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all is changed. I feel the glow of returning health. Though not yet strong, I am mending every day, hope rises higher and higher within me, and already the voice of joy and health is heard in my house, and the voice of praise and thanksgiving. Oh, never does health seem so joyful a thing as when it has been taken away for a season! I trust that the voice of joy and health and thanksgiving may be as loud and heartfelt as was the voice of distress and prayer.

“Praise the Lord, O my soul, and forget not all His benefits; Who forgiveth all thy sin, and healeth all thine infirmities; Who saveth thy life from destruction, and crowneth thee with mercy and lovingkindness.”

This is the Lord's doing. My recovery, so surprising to all, is His work. The right hand of the Lord has brought mighty things

in

my case; the right hand of the Lord has had the pre-eminence; for it has overcome the power of my disease, and triumphed over pain and weakness, and over all my own fears and the forebodings of those around me.

to pass

And now, by His great mercy, I shall not die but live, and go in and out again among men, and be strong and well again. O my God and Father, help me to live to Thee, and to declare the works of the Lord. Help me to profit by this Thy chastening. Let it not be for nothing that I was so ill, and lay at the gates of death. Let not those serious thoughts and earnest desires, those solemn views of life and death and sin and holiness, those contrite feelings, those prayers and cries to Thee, and that looking and clinging to my Saviour-let them not fade away.

With the joy of returning health, give me the joy of thinking that now I can serve Thee again, and find fresh opportunities for working in Thy cause. Teach me to prize this as the great joy of health, that it gives me some power to labour in my Saviour's work. O my God, give me the heart for this work ; teach me to love it; teach me to love Him, and to love Thee; teach me to love Theo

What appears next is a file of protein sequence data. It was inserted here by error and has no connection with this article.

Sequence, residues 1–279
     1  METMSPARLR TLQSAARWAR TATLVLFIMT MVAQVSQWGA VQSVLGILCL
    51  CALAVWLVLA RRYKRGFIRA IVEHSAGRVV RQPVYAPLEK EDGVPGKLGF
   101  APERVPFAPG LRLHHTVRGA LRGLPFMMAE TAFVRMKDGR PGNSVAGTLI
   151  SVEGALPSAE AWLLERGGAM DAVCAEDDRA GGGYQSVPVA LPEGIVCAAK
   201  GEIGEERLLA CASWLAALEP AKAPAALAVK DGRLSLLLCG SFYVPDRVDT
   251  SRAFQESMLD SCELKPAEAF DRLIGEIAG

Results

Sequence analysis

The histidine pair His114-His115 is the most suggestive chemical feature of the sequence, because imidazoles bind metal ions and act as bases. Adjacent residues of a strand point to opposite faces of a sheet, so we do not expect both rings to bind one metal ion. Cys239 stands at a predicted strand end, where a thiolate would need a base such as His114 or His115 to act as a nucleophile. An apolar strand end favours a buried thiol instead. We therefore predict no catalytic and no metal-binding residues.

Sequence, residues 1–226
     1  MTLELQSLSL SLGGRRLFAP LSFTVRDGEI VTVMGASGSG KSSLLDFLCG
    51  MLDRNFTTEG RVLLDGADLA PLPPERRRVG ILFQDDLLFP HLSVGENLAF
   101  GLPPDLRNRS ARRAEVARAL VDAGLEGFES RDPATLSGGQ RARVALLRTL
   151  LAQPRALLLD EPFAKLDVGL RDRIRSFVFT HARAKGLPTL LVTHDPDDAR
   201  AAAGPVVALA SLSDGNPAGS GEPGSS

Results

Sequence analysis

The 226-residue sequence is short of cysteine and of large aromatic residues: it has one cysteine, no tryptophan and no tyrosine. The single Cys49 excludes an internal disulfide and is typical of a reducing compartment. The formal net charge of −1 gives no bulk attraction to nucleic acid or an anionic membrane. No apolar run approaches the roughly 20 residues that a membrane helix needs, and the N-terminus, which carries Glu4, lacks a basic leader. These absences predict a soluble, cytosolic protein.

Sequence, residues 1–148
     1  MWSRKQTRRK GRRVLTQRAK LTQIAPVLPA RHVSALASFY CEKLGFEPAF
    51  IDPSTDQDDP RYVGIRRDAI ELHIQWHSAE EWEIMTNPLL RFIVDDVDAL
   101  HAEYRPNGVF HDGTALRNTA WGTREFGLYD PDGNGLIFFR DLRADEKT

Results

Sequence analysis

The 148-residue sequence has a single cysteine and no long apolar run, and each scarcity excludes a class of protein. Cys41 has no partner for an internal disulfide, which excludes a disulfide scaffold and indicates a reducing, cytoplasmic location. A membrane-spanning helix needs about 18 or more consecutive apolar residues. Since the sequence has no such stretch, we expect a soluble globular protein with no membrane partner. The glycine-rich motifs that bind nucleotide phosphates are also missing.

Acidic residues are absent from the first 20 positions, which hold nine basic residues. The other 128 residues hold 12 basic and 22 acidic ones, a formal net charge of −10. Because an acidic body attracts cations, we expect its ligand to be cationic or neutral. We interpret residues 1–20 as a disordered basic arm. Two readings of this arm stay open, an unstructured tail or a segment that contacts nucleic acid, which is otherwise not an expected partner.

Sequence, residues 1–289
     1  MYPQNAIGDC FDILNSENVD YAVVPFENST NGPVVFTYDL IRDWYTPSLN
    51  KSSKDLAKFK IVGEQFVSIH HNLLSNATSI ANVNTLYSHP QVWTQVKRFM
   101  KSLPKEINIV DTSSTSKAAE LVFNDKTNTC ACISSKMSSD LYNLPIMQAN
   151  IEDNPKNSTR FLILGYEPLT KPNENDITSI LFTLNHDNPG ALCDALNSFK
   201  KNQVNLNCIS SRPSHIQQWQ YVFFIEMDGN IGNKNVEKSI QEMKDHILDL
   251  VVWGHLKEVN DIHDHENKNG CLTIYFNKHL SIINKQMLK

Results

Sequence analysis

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more.

Ought I not to love Thee more for this

great mercy ? Ought I not to live to Thee more than ever, now that Thou hast given me my life back again ? Oh, grant that my life henceforth may be a life more full

life more full of love to Thee, more unworldly, more spiritual, more holy, more like my Master's pattern. Grant that there may be a marked difference between what I was before my illness, and what I shall be after it. By this very illness and recovery, by this chastening and restoration, may I be quickened in the spiritual life. May Thy Holy Spirit use these Thy dealings as means of good to my soul.

I am thankful, I am glad. But I would be glad in Thee, I would “rejoice in the Lord.” The Psalmist's first thought was to go up to the house of the Lord and give thanks ; for this he called on them to open to him " the gates of righteousness."

I too, O my Father, will praise Thee in Thy house; but may my whole life, in every place and in every thing, be henceforth a life of praise !

CHAPTER XXI.

ALWAYS REJOICING.

“ Rejoice in the Lord alway; and again I say, Rejoice.”

-Phil. iv. 4.

ALWAY? Then ought I to be rejoicing now? I am in such trouble; I am so weak and ill, and I do not mend; I seem rather to get worse : can it be meant than I should rejoice now? The words are very plain : “Rejoice in the Lord alway;and as if St. Paul—or

; rather, God the Holy Spirit-knew that some would find it hard, it is repeated : “again I say, Rejoice.” There is much

There is much to think of here.

In the first place, it is “ in the Lord” that we are to rejoice. We can hardly be glad of pain, or rejoice because we are weak and weary, or take pleasure in affliction : but this we are not called to; we are to “rejoice in

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the Lord.It is true we are to rejoice while we are ill and suffering and troubled ; but not in those things; not on account of them, but rather in spite of them. Our joy in God is to overcome the despondency that comes from pain, or illness, or weakness.

But can it? Let me remember what St. Paul says in another place: “As sorrowful, yet alway rejoicing.” He says that of himself. That is what he actually was; therefore it is possible. He was sorrowful for his many afflictions and sufferings; yet he was rejoicing in the Lord. He was sad and happy at the same time; sad for his afflictions, but happy in the Lord. And the happiness got the better of the sadness; he was “sorrowful, yet alway

; rejoicing,” he rejoiced in the Lord alway.

But besides this, though he says“ Rejoice in the Lord alway,he does not say, Rejoice always in equal measure. There are different degrees of joy. There is a bounding and exulting joy; and there is a calm and sober joy; there is a greater joy and a lesser; a more lively and a graver joy. Our joy may be various, though constant; it will not and

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